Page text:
Analog ASIC FAQs
Bob Frostholm — JVD, Inc
FREQUENTLY ASKED QUESTIONS
Q: What is a “pure analog” ASIC design?
A: Pure analog ASICs compile multiple analog functions, such as amplifiers, power management, analog-to-digital converters (ADCs), and digital-to-analog converters (DAC) on a single chip. Generally, they do not incorporate digital processor or memory functionality.
Q: When is it appropriate to create an analog ASIC, rather than design the same functionality using standard analog devices?
A: Analog ASICs make the most sense when they are used instead of multiple single-function analog devices such as dc-dc converters or low-dropout regulators (LDOs), amplifiers, comparators, ADCs, and DACs. A collection of these chips can be costly when purchased individually, and any analog ASIC manufacturer will agree that these functions are relatively easy to integrate for a specific application.
Q: What are the engineering tradeoffs associated with analog ASICs?
A: Cost reduction is perhaps the main driver for analog ASICs. Since standard-product analog ICs tend to be single-function devices such as op amps, LDOs, dc-dc converters, ADCs, and DACs, multiple packaged parts can be expensive (Fig. 1). They also can consume a lot of board space compared to a single analog ASIC.
Higher reliability is also a consideration—the fewer the number of devices in a system, the greater the long-term reliability. Also, some companies see intellectual property (IP) protection as a reason to cloak their designs in analog ASICs, not wanting their competition to see what or how they are doing it.
Finally, product obsolescence protection is a consideration. Many analog systems can remain in production for years or decades, but standard-product analog IC companies periodically perform product line reviews and prune those devices that are no longer financially worth the effort to maintain in production.
Q: When should a company consider an analog ASIC semiconductor company?
A: Consider it from the standpoint of making an outsourcing decision. Generally an issue arises because the right kind of talent isn’t available in house. Companies often have internal digital design teams, but few will have analog teams. Outsourcing to a team of analog experts often leads to additional product features that were not previously considered and skill sets that go beyond the use of programmable logic devices (PLDs). That makes sense. Analog chip designers are hard to find and expensive to engage.
Q: What would be an example of such a situation?
A: One might be an industrial-control supplier with a successful controller product that uses discretes in the analog front end (AFE). The competition develops a product with competitive specs at a lower price. There’s no reason to change the digital portion of the design, but the bill of materials and manufacturing costs could be significantly reduced by replacing all the parts in the AFE with a custom analog ASIC.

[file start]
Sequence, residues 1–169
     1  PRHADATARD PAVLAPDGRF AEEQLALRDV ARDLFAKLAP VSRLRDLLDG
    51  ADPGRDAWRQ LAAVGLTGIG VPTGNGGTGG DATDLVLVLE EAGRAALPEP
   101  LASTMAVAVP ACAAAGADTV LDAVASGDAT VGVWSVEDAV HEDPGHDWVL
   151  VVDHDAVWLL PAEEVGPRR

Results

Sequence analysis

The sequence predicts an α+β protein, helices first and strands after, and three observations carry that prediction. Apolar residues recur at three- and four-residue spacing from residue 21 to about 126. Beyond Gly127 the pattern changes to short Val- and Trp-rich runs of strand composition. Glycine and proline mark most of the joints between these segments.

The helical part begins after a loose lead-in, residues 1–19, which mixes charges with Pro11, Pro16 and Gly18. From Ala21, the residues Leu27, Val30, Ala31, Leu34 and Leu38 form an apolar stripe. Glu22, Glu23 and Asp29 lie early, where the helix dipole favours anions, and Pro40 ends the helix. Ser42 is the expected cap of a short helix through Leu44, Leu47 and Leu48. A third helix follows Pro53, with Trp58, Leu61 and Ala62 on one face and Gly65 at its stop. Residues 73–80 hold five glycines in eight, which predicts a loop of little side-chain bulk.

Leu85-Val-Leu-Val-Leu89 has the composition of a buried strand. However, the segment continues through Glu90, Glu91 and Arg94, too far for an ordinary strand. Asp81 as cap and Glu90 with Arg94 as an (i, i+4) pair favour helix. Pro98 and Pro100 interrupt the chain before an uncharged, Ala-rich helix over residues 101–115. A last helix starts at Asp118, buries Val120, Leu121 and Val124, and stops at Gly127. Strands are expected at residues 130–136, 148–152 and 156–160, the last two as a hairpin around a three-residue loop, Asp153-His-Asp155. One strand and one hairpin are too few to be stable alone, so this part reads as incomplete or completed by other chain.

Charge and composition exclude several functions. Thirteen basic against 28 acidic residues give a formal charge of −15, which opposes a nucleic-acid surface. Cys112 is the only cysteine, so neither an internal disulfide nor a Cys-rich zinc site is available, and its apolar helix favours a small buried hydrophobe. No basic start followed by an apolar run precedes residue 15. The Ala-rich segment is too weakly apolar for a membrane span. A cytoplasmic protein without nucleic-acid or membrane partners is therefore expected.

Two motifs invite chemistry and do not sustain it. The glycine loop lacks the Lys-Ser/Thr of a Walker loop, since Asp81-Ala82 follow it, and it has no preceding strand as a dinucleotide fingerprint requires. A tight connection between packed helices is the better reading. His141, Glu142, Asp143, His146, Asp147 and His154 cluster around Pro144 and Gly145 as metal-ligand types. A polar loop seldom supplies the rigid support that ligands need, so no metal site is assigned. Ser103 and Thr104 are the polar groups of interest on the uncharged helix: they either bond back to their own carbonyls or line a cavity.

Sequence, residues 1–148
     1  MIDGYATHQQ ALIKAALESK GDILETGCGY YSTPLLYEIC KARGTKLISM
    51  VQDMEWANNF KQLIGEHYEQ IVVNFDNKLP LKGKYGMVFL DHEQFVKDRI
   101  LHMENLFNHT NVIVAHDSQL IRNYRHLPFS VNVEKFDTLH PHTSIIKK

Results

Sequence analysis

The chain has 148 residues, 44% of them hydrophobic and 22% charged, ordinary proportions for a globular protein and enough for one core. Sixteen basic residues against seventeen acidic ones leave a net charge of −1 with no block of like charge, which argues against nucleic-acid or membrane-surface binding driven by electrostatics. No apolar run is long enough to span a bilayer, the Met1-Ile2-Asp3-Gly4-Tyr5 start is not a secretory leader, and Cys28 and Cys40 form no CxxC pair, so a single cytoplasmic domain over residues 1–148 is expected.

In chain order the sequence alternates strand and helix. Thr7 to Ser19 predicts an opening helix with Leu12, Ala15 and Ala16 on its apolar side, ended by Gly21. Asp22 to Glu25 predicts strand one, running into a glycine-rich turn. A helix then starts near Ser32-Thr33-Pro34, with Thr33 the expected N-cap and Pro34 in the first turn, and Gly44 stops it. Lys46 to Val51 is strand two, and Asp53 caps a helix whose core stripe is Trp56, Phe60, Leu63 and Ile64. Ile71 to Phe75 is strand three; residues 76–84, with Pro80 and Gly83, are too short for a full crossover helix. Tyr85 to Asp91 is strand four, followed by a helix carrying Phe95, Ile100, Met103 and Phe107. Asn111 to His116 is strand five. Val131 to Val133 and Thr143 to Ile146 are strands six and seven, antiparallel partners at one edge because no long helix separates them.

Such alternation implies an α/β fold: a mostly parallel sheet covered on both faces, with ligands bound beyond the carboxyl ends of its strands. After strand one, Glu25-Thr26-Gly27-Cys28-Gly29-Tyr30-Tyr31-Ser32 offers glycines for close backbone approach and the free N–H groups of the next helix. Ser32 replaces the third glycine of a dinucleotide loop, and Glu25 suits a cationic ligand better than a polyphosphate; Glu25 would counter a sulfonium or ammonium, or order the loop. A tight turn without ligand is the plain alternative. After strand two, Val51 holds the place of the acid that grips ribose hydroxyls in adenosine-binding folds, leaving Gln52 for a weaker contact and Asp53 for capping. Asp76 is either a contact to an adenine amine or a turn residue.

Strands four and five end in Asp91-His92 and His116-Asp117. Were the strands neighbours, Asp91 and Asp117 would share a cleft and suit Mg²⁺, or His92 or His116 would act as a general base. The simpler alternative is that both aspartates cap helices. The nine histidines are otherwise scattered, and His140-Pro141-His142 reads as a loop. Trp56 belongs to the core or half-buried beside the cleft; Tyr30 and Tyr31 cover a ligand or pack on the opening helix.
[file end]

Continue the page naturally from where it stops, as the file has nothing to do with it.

Q: What analog functions could be integrated?
A: Here’s an actual example: a sensor interface for signal conditioning in medical applications. The custom part integrated:
- Switching voltage regulators (using outboard magnetics) to generate a 16-V bus and a precision 2.5-V reference voltage from a single 1.8- to 3.2-V coin-cell battery
- An 18-bit effective delta-sigma ADC that uses the 2.5-V reference
- A DAC with a programmable output of roughly 3 to 13.5 V
- A 10-μA constant current generator with 16-V compliance
- An eight-channel analog switch array to switch the 10-μA current source to eight external sensors in sequence
A: This is also an opportunity for simplifying design and implementation with an analog ASIC. Such a device can combine multiple switching regulators and LDOs with control circuitry (Fig. 2).
A: Analog does not scale the way digital does. An analog ASIC can easily integrate CAN Bus, SAE J1850, and K-wire and L-wire of SAE J1972 to develop an aftermarket product that executes diagnostics on any car, regardless of whether it came from a North American, Asian, or European carmaker (Fig. 3).
Q: How would a company interact with an analog ASIC supplier in cases like these? What design tools are necessary?
A: The process has very little in common with working with a big foundry. It’s more like working with another team inside the company procuring the ASIC. Once the dialog is initiated, the process involves conference calls and/or face-to-face meetings to clarify and document each performance requirement; generation of a rough budgetary cost for both tooling (a combination of nonrecurring engineering costs and physical tooling) and final unit pricing; and an initial rough schedule.
Once these parameters are approved, the two parties develop a detailed electrical spec. The datasheet for the actual analog ASIC becomes part of the development contract. Once the contract is signed, the analog ASIC company does the heavy lifting.
About Us: JVD is a privately-held company founded in 1982 whose mission is to achieve analog performance in their customers ASIC designs. Whether an ASIC, ASSP, or SoC design, JVD’s differentiated analog approach allows its customers to compete successfully in consumer, wireless, high-speed computing, power management, medical, industrial and networking applications. For more information, please visit www.jvdinc.com
Bob Frostholm, Vice President, Sales & Marketing
Email: bob [dot] frostholm [at] jvdinc [dot] com